PostgreSQL - Not Just Relational
Ryan poses an interesting question in PGSQL Phriday #005 , which I think well demonstrates the extensibility of PostgreSQL, something that I've leveraged a lot on various projects.
Ryan mentions that it was extensions like
hstore which brought him to PostgreSQL initially. For me it was
TSearch2 (yeh, it was around 2008, it later got merged into core), then taking advantage of
JSONB and more over the years.
At the time we'd been using Oracle's text search to index street names, to enable CRM agents to report potholes to the highways team. At the time, I'd call Oracle's text search flaky at best and not very feature rich. We had a number of CRM outages due to corrupted indexes which took ages to rebuild. On top of this the Oracle DBAs feared the license review.
We also wanted to expand the functionality to cover other aspects of our CRM integrations and our intranet in general. I built simple prototypes with both Apache Lucene and PostgreSQL. PostgreSQL ended up winning by the fact it could do other things too and handled concurrency well (or at least for us). This was well before the NoSQL buzzword bingo, so the fact PostgreSQL was a relational database which could also do other things was significant, and still is.
As the project went on, this choice really began to payoff, the real advantage of PostgreSQL is that you can mix and match these diverse features in a single query. This let us do things like mixing full text search and geographic search, eg: find me the library nearest to me.
Relational Or Not
It's significant that relational is still here and still dominant, I think this is a pretty good indicator that as a model it works and works well for lots of people. In reality I'm struggling to think of a project where our data didn't fit well in a PostgreSQL world.
For the most non-relational data I've had to deal with PostgreSQL has worked just fine, by leveraging features like: arrays,
I've used PostgreSQL very successfully to store large volumes of time-series IoT data. PostgreSQL had no real issues storing the data or dealing with the volume. We used tricks like arrays to reduce the impact of row overhead. Date ranges were super handy for storing and querying the data.
An insurance quoting system was probably the least relational and arguably the most 'document' centric. We made heavy use of JSONB, but the data still broke down into a number of key relations. Workflow systems tend to follow the 'document' approach more, but often there is still value in breaking data into a small number of relations at least.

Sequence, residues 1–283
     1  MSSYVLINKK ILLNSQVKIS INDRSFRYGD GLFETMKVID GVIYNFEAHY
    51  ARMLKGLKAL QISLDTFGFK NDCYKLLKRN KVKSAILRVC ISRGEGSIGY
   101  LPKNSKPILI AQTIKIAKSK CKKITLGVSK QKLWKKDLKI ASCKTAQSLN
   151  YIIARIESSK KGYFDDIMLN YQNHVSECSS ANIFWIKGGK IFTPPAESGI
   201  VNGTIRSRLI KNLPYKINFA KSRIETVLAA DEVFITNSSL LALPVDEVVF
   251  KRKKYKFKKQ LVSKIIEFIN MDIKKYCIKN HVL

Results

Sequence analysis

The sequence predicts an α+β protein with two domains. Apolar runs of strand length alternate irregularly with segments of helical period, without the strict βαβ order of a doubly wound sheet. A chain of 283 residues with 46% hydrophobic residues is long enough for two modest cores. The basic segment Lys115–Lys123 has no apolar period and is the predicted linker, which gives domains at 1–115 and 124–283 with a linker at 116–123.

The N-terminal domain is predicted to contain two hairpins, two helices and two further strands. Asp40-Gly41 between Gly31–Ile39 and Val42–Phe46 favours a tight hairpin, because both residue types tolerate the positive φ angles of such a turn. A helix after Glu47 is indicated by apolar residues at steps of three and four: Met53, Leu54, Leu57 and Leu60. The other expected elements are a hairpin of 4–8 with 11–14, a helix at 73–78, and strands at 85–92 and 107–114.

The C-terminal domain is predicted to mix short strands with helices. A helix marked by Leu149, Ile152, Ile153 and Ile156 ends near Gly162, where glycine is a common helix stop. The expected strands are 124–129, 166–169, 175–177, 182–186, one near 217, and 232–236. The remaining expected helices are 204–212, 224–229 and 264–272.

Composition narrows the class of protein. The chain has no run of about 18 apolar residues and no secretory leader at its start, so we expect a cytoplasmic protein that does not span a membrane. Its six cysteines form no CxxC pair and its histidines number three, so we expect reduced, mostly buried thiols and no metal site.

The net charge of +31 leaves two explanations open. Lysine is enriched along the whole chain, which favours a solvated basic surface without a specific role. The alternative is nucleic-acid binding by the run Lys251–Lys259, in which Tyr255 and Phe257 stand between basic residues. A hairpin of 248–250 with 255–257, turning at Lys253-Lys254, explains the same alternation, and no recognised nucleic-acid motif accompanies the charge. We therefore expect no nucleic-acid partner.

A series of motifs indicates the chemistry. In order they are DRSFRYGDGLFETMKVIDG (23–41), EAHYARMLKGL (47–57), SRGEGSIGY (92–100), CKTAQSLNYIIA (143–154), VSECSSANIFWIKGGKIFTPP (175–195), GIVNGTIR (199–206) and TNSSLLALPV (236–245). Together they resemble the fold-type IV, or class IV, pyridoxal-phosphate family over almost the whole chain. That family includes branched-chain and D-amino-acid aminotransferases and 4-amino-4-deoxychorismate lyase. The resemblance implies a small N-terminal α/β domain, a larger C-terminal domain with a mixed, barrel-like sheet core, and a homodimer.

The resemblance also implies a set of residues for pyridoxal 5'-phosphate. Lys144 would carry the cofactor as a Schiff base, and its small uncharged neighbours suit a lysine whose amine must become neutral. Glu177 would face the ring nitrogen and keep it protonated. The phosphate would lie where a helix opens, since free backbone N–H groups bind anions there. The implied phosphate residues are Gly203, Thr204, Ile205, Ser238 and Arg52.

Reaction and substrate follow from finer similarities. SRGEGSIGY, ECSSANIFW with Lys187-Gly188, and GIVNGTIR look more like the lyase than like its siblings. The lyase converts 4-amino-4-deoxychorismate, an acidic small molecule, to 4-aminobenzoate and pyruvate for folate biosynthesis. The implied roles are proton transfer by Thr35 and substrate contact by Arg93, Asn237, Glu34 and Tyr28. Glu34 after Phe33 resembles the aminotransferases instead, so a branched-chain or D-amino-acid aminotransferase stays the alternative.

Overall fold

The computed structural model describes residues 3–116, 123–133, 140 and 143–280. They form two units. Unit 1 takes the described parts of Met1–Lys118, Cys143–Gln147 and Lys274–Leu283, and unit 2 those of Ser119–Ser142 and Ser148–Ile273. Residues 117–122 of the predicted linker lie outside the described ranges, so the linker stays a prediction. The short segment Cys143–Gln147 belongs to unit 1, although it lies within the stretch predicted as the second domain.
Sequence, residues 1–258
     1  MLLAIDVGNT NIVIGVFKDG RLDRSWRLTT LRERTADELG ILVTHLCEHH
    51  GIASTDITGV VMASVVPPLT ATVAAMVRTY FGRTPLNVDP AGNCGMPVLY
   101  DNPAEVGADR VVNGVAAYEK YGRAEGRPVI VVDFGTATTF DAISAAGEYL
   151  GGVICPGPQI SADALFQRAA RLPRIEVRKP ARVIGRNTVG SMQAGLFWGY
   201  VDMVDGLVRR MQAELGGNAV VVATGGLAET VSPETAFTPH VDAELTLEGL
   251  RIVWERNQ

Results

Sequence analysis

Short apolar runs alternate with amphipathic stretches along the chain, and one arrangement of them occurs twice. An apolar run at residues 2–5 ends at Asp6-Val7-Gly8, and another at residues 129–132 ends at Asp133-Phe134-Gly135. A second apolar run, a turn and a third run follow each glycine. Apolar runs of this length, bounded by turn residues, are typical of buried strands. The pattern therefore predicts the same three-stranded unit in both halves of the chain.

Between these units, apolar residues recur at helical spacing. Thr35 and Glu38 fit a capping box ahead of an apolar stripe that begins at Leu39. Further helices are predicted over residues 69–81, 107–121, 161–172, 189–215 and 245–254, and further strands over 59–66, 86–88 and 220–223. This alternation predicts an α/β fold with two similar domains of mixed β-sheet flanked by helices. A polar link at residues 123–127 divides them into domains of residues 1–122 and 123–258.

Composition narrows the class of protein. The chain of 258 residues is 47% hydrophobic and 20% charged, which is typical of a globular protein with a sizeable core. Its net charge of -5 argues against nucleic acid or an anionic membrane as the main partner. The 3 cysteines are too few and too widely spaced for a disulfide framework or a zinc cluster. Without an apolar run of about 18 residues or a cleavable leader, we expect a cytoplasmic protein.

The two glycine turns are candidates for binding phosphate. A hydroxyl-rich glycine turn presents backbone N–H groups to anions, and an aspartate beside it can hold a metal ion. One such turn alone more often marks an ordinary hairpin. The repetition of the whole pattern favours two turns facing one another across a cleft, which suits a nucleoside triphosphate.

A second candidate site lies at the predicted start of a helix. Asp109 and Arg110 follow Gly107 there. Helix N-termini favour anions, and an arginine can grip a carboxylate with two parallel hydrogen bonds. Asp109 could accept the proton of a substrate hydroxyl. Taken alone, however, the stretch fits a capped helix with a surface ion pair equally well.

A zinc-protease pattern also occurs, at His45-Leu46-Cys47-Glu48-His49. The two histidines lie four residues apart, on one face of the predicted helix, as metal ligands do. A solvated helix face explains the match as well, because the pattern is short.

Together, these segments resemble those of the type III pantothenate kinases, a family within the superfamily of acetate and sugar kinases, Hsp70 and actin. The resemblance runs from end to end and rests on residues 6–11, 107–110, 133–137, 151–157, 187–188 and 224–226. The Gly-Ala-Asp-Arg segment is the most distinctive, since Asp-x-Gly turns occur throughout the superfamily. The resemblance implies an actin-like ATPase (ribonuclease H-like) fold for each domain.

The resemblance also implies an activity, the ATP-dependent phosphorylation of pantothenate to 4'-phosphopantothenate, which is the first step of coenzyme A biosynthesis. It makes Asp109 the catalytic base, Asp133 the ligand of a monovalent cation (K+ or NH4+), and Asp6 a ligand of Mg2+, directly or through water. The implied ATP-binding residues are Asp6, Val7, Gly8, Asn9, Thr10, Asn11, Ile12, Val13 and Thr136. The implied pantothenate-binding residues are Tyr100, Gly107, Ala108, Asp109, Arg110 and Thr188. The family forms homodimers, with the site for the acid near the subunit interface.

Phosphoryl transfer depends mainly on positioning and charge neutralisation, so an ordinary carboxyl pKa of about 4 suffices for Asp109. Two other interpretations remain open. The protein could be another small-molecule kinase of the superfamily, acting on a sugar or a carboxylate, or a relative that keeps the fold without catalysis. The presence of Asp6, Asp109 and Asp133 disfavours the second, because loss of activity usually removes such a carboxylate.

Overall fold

I also find that
JSONB is a great modern solution to the dreaded
patterns, which I'm thankful I've not had to touch in a long-time now.
Hazelcast is the most non-relational data-store that I've used heavily. I first started using it mostly as a distributed caching and messaging layer in a monitoring platform I spent a while working on. Being a in-memory distributed data-store it's rather different to PostgreSQL, and primarily Key-Value (KV) based.
I also worked on a TV Schedule and Video-On-Demand API layer which used Hazelcast as it's main data-store, this system didn't really hold much data, having only 64GiB of RAM across 8 nodes to hold the data and process requests. However there were a number of strange usecases where aggregates had to be computed per request which consumed almost all of the dataset.
Having all this data in RAM at the API layer helped significantly with these oddities, but wouldn't preclude using PostgreSQL for this usecase. The problem domain was hard to optimise in general, primarily because it was poorly designed and thought through at an architecture level.
PostgreSQL would have had a number of features we could have used to deal with these complexities. I'm fairly certain it would have been quicker to iterate in SQL than having to manually code up distributed memory queries. With PostgreSQL we would have gained indexes, which I'm sure would be more efficient than essentially having to perform every query as in-memory sequential scans.
When I first started that project, even with an in-memory data-store performance was an issue. The team wanted to rebuild the API on MongoDB, this was primarily driven by a lack of knowledge on Hazelcast and the thinking that MongoDB would somehow magically fix the problems we faced. The reality was the in-memory data model had been very poorly designed, with very little thought for how it was going to be queried. It took a few weeks to refactor the data model, resulting in 100x performance improvements and further use of distributed queries etc improved things even more over the months.
In general I always think the biggest challenge is understanding the problem domain you are working with, rarely does the perfect solution exist, there will always be tradeoffs.
I personally prefer to focus on simplicity and the least number of moving parts where possible. As such tools like PostgreSQL are more useful to me, since I can use them for more than one thing.
I also think we get far to hung up on labeling and pigeon holing the tools we use in IT, if it works, what's the problem. There are often significant advantages to using fewer general purpose tools, rather than lots of domain specific tools. Don't forget nails and screws are two methods of solving the same problem, but both need different tools.
You really don't need another database, just use PostgreSQL ;)
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